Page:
The quality of the Alaska Aces' nearly decade-long portfolio can be quantified by this simple measurement: The club made it to the ECHL's conference finals, just one step removed from vying for the Kelly Cup it seized last season, and somehow that ranked as disappointment.
Figure that: Down to the last four teams on the 20-team circuit -- for the sixth time in just nine seasons, mind you -- and that five-game conference finals loss to the deserving Las Vegas Wranglers seemed like a season-ending thud.
Two Kelly Cups, three Finals appearances, a record three Brabham Cups as regular season champions and a record back-to-back Brabhams the past two seasons does set a bit of a high bar -- stratospherically high.
With all that, you can make a fairly impenetrable argument the Aces, who have a culture from the ownership group on down that only raising the Cup makes a completely satisfying season, have been the ECHL's strongest franchise since they arrived for the 2003-04 season.
Yet, as now-retired Aces captain Brian Swanson pointed out, only one team in the league ends the season happy.
A year ago, that club was the Aces, who tore through the playoffs with a 12-1 record. This go-round, it will be either the Wranglers or the Florida Everblades, who Saturday night finished the Kalamazoo K-Wings, the team the Aces beat in the Finals in 2011. Both the Wranglers and Everblades have rolled through three rounds at 11-2.
Still, the Aces delivered more than just a solid season in 2011-12.
They stamped the league's best regular-season record (43-18-11) and its best home-ice record (29-5-2). They enjoyed a stretch in which they earned points in 26 of 27 games. They earned banners -- they won the Mountain Division, Western Conference and Brabham Cup in the regular season. They earned a first-round playoff bye for the second straight season. And attendance bumped up slightly in the regular season -- 2.3 percent.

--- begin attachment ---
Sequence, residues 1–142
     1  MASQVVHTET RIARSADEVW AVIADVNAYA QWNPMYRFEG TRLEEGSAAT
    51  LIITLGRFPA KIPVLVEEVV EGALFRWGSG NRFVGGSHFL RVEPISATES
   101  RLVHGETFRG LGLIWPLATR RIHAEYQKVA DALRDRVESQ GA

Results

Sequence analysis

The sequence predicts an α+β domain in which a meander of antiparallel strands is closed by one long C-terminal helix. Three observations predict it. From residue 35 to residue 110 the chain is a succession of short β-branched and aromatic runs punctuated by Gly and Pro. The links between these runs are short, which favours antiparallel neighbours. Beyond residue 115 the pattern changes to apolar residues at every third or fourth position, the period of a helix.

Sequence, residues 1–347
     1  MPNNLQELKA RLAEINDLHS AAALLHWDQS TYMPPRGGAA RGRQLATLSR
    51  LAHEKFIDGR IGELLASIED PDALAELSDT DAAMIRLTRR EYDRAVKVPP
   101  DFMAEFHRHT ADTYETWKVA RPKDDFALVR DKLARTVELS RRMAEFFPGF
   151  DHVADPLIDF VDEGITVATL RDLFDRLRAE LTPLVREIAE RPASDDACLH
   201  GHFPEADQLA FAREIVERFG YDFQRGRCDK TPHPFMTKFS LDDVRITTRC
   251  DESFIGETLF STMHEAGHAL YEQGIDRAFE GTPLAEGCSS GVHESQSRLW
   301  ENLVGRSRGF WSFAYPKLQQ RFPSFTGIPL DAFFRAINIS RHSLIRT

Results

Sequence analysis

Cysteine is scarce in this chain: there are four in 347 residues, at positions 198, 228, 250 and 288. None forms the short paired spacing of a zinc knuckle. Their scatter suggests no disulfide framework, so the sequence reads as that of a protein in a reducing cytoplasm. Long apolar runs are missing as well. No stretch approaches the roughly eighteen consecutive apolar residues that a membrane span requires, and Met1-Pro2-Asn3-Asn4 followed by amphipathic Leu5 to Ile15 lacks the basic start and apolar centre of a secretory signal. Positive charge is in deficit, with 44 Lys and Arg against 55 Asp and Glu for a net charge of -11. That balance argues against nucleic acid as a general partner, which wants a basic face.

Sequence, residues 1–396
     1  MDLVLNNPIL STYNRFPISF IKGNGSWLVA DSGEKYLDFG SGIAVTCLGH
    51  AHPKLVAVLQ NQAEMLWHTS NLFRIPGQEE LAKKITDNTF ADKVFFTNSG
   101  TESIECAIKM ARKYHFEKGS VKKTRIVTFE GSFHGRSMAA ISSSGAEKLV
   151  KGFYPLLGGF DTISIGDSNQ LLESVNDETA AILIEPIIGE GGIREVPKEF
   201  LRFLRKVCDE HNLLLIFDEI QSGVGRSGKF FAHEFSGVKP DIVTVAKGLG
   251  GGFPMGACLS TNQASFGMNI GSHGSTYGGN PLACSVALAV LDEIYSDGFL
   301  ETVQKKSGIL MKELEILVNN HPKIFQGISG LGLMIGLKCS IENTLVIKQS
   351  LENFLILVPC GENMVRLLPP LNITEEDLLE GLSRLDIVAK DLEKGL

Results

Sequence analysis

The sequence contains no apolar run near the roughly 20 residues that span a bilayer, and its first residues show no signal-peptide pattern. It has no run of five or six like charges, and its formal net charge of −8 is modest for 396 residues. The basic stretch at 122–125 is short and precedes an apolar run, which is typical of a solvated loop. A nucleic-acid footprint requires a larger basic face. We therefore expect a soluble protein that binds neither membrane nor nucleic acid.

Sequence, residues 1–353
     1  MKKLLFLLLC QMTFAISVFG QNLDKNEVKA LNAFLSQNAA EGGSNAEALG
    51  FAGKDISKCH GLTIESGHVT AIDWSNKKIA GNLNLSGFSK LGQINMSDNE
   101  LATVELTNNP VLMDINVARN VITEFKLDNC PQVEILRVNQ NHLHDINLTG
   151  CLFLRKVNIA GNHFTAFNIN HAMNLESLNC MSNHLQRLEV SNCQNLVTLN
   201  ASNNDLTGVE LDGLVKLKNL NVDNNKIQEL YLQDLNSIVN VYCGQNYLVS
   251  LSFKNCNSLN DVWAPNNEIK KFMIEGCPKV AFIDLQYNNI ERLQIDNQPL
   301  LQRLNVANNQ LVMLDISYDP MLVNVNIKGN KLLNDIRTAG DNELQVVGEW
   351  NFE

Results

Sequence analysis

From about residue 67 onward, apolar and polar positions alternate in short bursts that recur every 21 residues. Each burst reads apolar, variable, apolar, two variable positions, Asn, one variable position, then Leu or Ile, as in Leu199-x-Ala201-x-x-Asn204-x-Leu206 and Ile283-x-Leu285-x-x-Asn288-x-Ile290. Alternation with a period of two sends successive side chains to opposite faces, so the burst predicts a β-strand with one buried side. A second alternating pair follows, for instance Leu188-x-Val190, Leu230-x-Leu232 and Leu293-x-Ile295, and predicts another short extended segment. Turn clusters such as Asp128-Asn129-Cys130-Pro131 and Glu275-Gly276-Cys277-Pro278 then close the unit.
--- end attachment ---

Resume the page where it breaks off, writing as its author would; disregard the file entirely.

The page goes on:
There's no denying the ending was grim -- three straight home losses.
Yet there's a reason no team has repeated as ECHL champions in nearly 20 years -- it's really hard.
And for the complainers out there, here's a reminder we like to use when listening to the droning: You do realize those guys on the other team get paid too, correct?
Moving on, this stacks up like a busy offseason for the Aces.
Bench boss Rob Murray faces a difficult task -- he will have to recruit a team for the first time in his coaching career. The team was pretty much decided by the time he got the job last summer, and it says here he did strong work with what he was handed.
Of course, this summer gives him opportunity to recruit precisely the kind of players he wants and what kind of team he wants the sum of those parts to be.
It figures there will be some significant turnover on the roster, not least because veterans Brian Swanson and Wes Goldie confirmed their retirements this week, instantly wiping out two-thirds of the club's first line, 40 percent of its first-unit power play and no small amount of its leadership. With Swanson cleaning out his stall for good, Murray will also have to settle on a new captain.
Basically half the team from the Kelly Cup season returned to the Aces for this past season, an unusually high number of holdovers in a league that identifies itself as a developmental circuit.
Between retirements, guys who may get a shot at the American Hockey League, guys who possibly head to Europe and whatever personnel decisions Murray makes, this seems like an offseason of change for the club.
The last overhaul did the trick. No doubt puckheads recall the Aces' 2010 playoff flameout in Brent Thompson's first season -- that's the only time in nine seasons the club was whacked in the first round -- and his subsequent recruitment of an almost entirely new team. Ahem -- a team that then won the Cup.
And, well, that does keep that bar remarkably high for Murray and company.
The Aces wouldn't have it any other way.
Find Doyle Woody's blog at adn.com/hockeyblog or call him at 257-4335.